SGB sat down with Hattie Johnson – a landscape designer for River Restoration – to understand the river engineering firm’s mission.
Writer: Travis Poulin
As climate change looms following the installation of an administration shifting toward business development over environmental protection, one company is taking steps to protect, preserve and improve the nation’s rivers.
River Restoration, started in 2004 by Jason Carey, is a mission-based river engineering firm. Their mission is to support communities and make rivers into better places. Located in Carbondale, CO, the organization works throughout the United States. Current projects are taking place in Colorado, Wyoming, Iowa, Michigan, Wisconsin and Utah. Projects often result in the construction of whitewater parks for kayakers, rafters and SUP-ers.
SGB sat down with Hattie Johnson – a landscape designer for River Restoration – to gain some insight on what exactly a river restoration company does. Johnson’s responsibilities include bank and river access design, marketing, public outreach, communication and fundraising.
“We separate ourselves from other engineering consulting firms by partnering with clients,” which include municipalities, paddling groups and other non-profit organizations, “and helping them grow successful, community-supported projects,” Johnson said.
“My favorite part of my job is expressing, in a graphic form, how a project will change the look of the river and how people interact with it,” Johnson said. “The idea of a whitewater park or bank stabilization and access is somewhat nebulous to many people. I get to make pictures to describe what we mean when we use these terms when talking about our projects. Basically I play with colored pencils and Photoshop.”
Johnson is no stranger to the river. She is an avid kayaker and raft guide, and treats the places she recreates as her home. “When I found this job, I didn’t know river design was a thing you could do. It sounded too perfect a fit for my interests to be true.” Johnson’s love for the river does not stop at work and play – she also volunteers to coordinate events including the Clear Creek Clean Up in Idaho Springs, CO and the Gore Canyon whitewater race – GoreFest – in Kremmling, CO.
An example of a successful River Restoration undertaking is its Ogden River project in Utah that was completed in 2011. “For over 100 years, the Ogden River had been used as a dumping ground for waste material and channelized in an attempt to maximize industrial land to the detriment of stream health,” Johnson said. “The project’s vision was to restore a naturally functioning Ogden River with vibrant greenspaces connecting to the urban landscape. Riparian habitat was increased five-fold; a 1.1-mile river trail was aligned with boardwalks crossing over constructed wetland stormwater return areas; concentrated river access was created at over 20 locations, including innovative river access ramps; whitewater parks, fishing habitats and swimming-safe rapids were created throughout. Once a trash dump, the riverfront now is a new face for Ogden City. New businesses and restaurants have grown up along the banks and more are planned.”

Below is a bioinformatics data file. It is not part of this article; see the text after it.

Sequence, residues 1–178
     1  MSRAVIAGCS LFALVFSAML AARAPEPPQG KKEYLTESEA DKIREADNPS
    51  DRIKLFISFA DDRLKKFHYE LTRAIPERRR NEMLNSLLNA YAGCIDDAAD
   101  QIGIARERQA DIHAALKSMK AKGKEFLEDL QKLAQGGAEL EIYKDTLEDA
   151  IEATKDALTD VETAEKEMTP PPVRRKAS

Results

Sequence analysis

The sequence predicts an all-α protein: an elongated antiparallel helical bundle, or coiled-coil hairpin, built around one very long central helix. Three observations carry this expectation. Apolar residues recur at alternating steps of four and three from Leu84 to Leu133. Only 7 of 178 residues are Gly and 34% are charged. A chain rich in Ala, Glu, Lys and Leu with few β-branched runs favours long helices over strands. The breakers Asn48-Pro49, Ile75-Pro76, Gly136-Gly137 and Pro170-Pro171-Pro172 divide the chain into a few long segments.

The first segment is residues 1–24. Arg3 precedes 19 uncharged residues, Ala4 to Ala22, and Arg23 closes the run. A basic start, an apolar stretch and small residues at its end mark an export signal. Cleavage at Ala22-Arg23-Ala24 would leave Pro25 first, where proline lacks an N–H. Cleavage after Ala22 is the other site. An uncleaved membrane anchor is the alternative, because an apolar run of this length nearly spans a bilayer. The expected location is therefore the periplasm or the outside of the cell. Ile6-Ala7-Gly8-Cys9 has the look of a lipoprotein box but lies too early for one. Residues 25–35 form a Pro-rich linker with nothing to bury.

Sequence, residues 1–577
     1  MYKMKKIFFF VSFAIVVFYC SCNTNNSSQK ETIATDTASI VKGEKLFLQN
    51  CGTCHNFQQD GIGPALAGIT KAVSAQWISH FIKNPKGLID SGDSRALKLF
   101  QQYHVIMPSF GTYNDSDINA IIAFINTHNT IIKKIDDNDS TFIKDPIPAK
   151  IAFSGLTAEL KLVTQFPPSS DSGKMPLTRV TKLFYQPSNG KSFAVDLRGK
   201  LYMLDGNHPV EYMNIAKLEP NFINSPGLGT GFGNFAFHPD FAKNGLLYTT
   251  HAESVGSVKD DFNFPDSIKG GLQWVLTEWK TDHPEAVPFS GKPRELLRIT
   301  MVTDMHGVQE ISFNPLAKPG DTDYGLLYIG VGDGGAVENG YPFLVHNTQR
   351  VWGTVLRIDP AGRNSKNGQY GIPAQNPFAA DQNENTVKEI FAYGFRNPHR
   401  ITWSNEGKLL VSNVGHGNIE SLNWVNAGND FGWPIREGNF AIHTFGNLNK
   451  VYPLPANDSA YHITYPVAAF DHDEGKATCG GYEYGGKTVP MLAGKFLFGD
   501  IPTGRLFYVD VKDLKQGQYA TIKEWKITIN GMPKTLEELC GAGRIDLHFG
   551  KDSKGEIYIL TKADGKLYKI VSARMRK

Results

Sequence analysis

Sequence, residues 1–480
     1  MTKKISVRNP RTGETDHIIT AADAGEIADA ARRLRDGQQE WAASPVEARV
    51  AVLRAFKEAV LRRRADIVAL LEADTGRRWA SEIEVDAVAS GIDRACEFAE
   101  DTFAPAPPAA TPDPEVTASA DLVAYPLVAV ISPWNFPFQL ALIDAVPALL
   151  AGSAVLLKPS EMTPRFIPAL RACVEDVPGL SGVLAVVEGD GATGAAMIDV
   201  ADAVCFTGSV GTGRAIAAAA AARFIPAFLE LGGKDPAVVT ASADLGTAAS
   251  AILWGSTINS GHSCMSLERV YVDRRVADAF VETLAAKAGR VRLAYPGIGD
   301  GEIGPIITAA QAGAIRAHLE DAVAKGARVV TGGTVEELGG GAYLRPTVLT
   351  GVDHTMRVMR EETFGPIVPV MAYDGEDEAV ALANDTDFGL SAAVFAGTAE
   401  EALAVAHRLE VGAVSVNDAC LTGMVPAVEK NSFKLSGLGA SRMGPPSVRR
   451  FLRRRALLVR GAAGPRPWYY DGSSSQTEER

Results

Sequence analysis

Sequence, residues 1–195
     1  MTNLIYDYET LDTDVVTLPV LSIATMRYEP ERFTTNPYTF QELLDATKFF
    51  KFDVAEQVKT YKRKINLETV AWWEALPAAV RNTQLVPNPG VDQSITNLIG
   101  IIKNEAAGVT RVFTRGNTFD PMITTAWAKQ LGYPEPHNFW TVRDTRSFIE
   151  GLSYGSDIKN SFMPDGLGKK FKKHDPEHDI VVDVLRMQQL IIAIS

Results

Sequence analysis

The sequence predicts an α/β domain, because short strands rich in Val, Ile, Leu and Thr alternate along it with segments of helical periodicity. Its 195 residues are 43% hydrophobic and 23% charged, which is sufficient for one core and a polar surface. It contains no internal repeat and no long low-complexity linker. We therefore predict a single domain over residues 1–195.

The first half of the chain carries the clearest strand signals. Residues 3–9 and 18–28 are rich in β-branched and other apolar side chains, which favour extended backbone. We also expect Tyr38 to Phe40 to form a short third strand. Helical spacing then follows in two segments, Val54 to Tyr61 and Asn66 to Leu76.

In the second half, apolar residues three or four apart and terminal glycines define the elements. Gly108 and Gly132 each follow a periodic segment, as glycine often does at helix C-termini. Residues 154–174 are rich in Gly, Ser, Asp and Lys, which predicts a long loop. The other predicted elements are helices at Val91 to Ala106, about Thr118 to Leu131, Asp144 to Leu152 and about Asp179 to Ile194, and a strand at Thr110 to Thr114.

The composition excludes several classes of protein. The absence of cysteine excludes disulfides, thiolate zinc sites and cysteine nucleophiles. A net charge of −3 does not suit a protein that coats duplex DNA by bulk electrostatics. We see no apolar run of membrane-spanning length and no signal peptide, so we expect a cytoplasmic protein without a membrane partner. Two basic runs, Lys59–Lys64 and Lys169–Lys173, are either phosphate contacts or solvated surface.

River Restoration is currently working on another milestone project in Grand Rapids, MI. “This project will remove five low-head dams, uncovering an existing bedrock rapid and installing many boulders to mimic the historic boulder garden that was dredged many years ago,” Johnson said. “The project is still working on the permitting process, which is massive for a project like this. An economic impact study conservatively predicts the project will create a $15-19 million return.” Eventually, the process will result in a whitewater recreation area.
As river restoration programs develop, more college students are focusing their degrees and careers on maintaining rivers and habitats. “Communities around the country are rethinking the waterways they were built around. Quality of life has factored higher on why college graduates decide where to move their job availability,” Johnson said. “Much of the infrastructure within waterways of the U.S. are aging and failing. Scientists also have massive amounts of data describing how this infrastructure has been detrimental to river habitats and how that, in turn, affects the human environment.”
Johnson said she is wary about funding for river restoration programs under the new presidential administration. “In my opinion, river restoration is essential to the future. We have already seen funding programs for river restoration lose money since the new administration. Regulations of waterways by the federal government cause long delays on many of our projects and the process could use improvements. I am fearful what simply stripping out regulation could do to the environments we depend on.”
Photos courtesy River Restoration